Bio Hazard

The BioHazards project was established to teach students and enthusiasts the fundamentals of protein evolution. To make the material accessible and exciting, lessons are conveyed through an intuitive and attractive gaming environment and framed into the context of common human health concerns and topics. The project is maintained and developed by the Karchin lab at The Johns Hopkins University Department of Biomedical Engineering and Institute for Computational Medicine.

Protein Evolution

Proteins are a primary component of almost all functional aspects of all living things. These amazing biological molecules give us metabolism, muscle movement, perceptions, fabricate materials, and even store memories. A protein’s specific structure and function is dictated by the smaller molecules from which it is made, called amino acids. The instructions for manufacturing proteins is contained in a genetic blueprint called a genome, and are unique in every species. Because genomic transmission from an organism to its progeny is imperfect, over time, a species’ genetic blueprint can change; that means the amino-acid composition of that organism’s proteins can change. If those changes also alter the structure and function of the organism’s proteins, they can also alter the organism’s fitness. Deleterious changes can cause a species or individual to be eliminated from the population (extinction or disease, respectively), while some changes can confer a selective advantage. These ideas underlie the concept of protein evolution, a fundamental mechanism of the evolution of species.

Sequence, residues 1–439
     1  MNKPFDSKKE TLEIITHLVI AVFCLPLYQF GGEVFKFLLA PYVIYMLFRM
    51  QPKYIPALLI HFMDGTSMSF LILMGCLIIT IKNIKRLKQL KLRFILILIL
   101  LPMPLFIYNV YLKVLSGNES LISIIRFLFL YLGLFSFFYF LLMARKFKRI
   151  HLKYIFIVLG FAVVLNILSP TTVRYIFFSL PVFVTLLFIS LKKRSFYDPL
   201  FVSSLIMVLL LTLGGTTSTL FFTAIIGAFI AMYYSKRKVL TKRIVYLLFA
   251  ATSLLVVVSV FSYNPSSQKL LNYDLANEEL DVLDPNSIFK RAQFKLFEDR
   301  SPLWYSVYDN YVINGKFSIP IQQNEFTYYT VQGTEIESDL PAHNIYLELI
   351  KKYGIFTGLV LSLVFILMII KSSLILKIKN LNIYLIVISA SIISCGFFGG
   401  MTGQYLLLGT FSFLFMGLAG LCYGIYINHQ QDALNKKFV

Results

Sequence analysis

Rachel Karchin (karchin at jhu dot edu): Principal investigator
David Masica (david dot masica at gmail dot com): Producer and content adviser
Jean Fan: Software engineer
Jodi Chapman: 3D modeling, animation, and voice
Lewis Karchin: Web design
Dewey Kim: Content adviser
Dexter Davison: Music
Sound samples used with permission of FreeSound.org
In association with: The Johns Hopkins University (JHU) Department of Biomedical Engineering, Institute for Computational Medicine, and Department of Arts as Applied to Medicine (AAM)
Special thanks to: Joan Freedman (JHU Digital Media Center), Christine Newman (JHU Center for Educational Outreach), and Jennifer Fairman (JHU AAM)

Karchin Lab

Research in Rachel Karchin’s lab is focused on determining the impact of genetic variation on human health. The Karchin lab is located at The Johns Hopkins University (JHU) in Baltimore, Maryland, and is affiliated with the JHU Department of Biomedical Engineering and the Institute for Computational Medicine.